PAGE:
The author writes:
Frannycame out in The New Yorker in 1955, and was swiftly followed, in 1957 by Zooey. Both stories are early, critical entries in a narrative series I’m doing about a family of settlers in twentieth-century New York, the Glasses. It is a long-term project, patently an ambiguous one, and there is a real-enough danger, I suppose that sooner or later I’ll bog down, perhaps disappear entirely, in my own methods, locutions, and mannerisms. On the whole, though, I’m very hopeful. I love working on these Glass stories, I’ve been waiting for them most of my life, and I think I have fairly decent, monomaniacal plans to finish them with due care and all-available skill.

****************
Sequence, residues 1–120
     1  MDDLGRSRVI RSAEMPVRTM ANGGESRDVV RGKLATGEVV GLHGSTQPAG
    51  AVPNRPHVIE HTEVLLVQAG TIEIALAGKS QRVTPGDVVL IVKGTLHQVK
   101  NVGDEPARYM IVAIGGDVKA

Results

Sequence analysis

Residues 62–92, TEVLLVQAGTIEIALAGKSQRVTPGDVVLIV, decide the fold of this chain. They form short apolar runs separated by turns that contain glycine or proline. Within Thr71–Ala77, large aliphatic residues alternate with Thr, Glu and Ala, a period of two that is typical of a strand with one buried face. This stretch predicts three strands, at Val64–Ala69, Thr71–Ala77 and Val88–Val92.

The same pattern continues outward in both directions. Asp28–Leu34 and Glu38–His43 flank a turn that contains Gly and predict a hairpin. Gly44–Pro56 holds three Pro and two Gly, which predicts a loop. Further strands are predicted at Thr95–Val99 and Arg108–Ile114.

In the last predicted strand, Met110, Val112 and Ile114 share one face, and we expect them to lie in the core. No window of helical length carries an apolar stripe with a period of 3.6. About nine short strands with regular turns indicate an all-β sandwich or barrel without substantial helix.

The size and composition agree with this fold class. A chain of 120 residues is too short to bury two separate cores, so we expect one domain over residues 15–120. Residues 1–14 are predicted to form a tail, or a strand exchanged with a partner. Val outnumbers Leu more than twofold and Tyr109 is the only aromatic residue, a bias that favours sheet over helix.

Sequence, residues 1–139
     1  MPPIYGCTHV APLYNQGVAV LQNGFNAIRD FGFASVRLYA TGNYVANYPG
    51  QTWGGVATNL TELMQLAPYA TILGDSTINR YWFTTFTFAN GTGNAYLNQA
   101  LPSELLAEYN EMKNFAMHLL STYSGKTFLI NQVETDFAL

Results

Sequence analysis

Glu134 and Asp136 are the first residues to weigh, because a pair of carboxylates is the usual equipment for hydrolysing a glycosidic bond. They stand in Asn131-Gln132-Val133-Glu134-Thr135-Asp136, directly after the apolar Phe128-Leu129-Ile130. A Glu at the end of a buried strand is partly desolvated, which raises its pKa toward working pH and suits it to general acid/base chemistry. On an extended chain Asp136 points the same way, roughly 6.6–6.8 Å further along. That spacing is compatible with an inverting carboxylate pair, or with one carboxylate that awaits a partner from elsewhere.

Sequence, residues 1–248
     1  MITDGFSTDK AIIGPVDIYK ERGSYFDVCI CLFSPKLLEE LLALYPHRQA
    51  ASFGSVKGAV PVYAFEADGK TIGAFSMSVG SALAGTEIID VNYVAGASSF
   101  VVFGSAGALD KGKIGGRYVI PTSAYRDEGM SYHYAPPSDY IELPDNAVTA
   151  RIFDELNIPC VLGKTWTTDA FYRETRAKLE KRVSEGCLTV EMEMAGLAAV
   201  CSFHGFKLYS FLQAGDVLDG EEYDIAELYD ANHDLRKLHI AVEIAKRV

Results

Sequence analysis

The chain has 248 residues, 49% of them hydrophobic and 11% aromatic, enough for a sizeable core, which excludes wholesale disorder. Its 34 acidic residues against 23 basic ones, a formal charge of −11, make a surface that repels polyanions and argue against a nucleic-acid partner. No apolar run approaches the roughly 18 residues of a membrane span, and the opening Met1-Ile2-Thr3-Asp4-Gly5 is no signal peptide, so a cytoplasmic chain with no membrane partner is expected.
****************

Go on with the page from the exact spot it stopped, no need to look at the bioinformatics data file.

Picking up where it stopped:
About the Author
Jerome David Salinger was an American writer known for his widely-read novel The Catcher in the Rye. Following his early success publishing short stories and The Catcher in the Rye, Salinger led a very private life for more than a half-century. He published his final original work in 1965 and gave his last interview in 1980.
Salinger was raised in Manhattan and began writing short stories while in secondary school. Several were published in Story magazine in the early 1940s before he began serving in World War II. In 1948, his critically acclaimed story “A Perfect Day for Bananafish” appeared in The New Yorker magazine, which became home to much of his later work. The Catcher in the Rye was published in 1951 and became an immediate popular success. His depiction of adolescent alienation and loss of innocence in the protagonist Holden Caulfield was influential, especially among adolescent readers. The novel remains widely read and controversial, selling around 250,000 copies a year.